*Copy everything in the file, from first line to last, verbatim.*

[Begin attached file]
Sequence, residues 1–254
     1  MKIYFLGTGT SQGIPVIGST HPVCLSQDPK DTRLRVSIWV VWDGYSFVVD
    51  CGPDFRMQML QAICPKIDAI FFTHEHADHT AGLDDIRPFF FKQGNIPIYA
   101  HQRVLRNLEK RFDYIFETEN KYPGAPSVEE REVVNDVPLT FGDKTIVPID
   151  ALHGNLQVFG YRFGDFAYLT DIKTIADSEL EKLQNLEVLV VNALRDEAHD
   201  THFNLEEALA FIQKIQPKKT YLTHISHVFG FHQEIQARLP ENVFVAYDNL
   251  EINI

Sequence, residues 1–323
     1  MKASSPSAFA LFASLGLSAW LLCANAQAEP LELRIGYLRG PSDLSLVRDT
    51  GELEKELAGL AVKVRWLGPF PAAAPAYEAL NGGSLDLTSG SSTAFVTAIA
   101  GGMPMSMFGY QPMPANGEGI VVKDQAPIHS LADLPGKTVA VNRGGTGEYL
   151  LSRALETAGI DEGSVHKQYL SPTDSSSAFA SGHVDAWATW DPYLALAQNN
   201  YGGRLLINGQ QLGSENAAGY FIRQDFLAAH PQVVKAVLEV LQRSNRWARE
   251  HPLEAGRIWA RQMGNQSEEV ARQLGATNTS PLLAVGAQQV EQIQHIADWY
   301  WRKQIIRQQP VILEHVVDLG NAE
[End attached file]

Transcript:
Sequence, residues 1–254
     1  MKIYFLGTGT SQGIPVIGST HPVCLSQDPK DTRLRVSIWV VWDGYSFVVD
    51  CGPDFRMQML QAICPKIDAI FFTHEHADHT AGLDDIRPFF FKQGNIPIYA
   101  HQRVLRNLEK RFDYIFETEN KYPGAPSVEE REVVNDVPLT FGDKTIVPID
   151  ALHGNLQVFG YRFGDFAYLT DIKTIADSEL EKLQNLEVLV VNALRDEAHD
   201  THFNLEEALA FIQKIQPKKT YLTHISHVFG FHQEIQARLP ENVFVAYDNL
   251  EINI

Sequence, residues 1–323
     1  MKASSPSAFA LFASLGLSAW LLCANAQAEP LELRIGYLRG PSDLSLVRDT
    51  GELEKELAGL AVKVRWLGPF PAAAPAYEAL NGGSLDLTSG SSTAFVTAIA
   101  GGMPMSMFGY QPMPANGEGI VVKDQAPIHS LADLPGKTVA VNRGGTGEYL
   151  LSRALETAGI DEGSVHKQYL SPTDSSSAFA SGHVDAWATW DPYLALAQNN
   201  YGGRLLINGQ QLGSENAAGY FIRQDFLAAH PQVVKAVLEV LQRSNRWARE
   251  HPLEAGRIWA RQMGNQSEEV ARQLGATNTS PLLAVGAQQV EQIQHIADWY
   301  WRKQIIRQQP VILEHVVDLG NAE